Americans have learned to shop with the virus
The 1.1 percent decline in July retail sales reported earlier this week by the U.S. Census Bureau is nothing to be overly concerned about. That’s the analysis of the National Retail Federation (NRF), which sees strong consumer demand going forward.
“Despite this monthly dip, the economy has rebounded quite well and is more than just on the mend,” NRF Chief Economist Jack Kleinhenz said in a statement. “The consumer has continued to be resilient and recent price increases brought on by constraints in the supply chain have not dampened the robust demand seen during the past year. If retailers could find more inventory, they could sell it.”
NRF pointed out that despite the monthly decline, year-over-year numbers are trending positively. Its numbers show that revenues were up 9.5 percent year-over-year in July and 12.8 percent in June. Its three month average is plus 13 percent compared to the same period in 2020.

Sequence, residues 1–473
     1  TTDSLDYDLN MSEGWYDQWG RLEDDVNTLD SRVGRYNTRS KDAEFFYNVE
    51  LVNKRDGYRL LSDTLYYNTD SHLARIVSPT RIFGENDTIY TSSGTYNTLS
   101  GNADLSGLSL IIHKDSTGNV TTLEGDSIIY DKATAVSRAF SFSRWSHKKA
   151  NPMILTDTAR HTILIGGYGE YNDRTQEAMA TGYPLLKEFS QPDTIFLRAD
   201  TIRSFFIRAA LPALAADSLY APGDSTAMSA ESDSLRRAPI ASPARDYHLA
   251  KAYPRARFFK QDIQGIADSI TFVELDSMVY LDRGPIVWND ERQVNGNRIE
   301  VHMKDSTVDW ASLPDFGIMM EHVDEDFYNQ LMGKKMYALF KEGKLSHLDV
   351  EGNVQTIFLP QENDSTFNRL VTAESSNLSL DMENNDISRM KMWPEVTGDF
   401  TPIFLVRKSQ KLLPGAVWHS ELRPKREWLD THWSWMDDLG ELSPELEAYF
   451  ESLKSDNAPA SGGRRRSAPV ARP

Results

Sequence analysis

Consumer electronics and appliance stores and health and personal care product retailers were able to buck the July dip with gains of 0.3 percent and 0.1 percent respectively on a month-over-month basis. The two verticals year-over-year numbers improved 23.4 percent and 8.4 percent respectively.
The rise of COVID-19 cases, hospitalizations and deaths tied to Delta variant in communities where vaccination rates are low is becoming more of a concern for Americans.
“Consumers are a bit fearful again as we approach another possible wave of COVID-19 infections, but they’ve learned to live with the virus and shopping continues,” said Mr. Kleinhenz.
Matthew Shay, NRF president and chief executive officer, said that the economy remains strong with support of federal tax credits and rising incomes in a competitive job market.
“We remain optimistic that the strength of the American consumer and ingenuity of the retail industry will produce continued growth heading into the fall,” he said. “We encourage people to get vaccinated as soon as possible to stop the spread of the virus and to keep our economy growing.”
- July Retail Sales Slow Amid Tight Supply Chain but Demand Continues as Consumers Learn to ‘Live with the Virus’ – National Retail Federation
- Advance Monthly Sales For Retail And Food Services, July 2021 – U.S. Census Bureau 2021
DISCUSSION QUESTIONS: Do you share NRF’s assessment that supply chain disruptions and not consumer sentiment pose the most immediate risk to retail? Will Americans continue with their recent returns to in-person shopping or do you see the Delta variant causing a fallback to patterns that developed early on in the pandemic last year?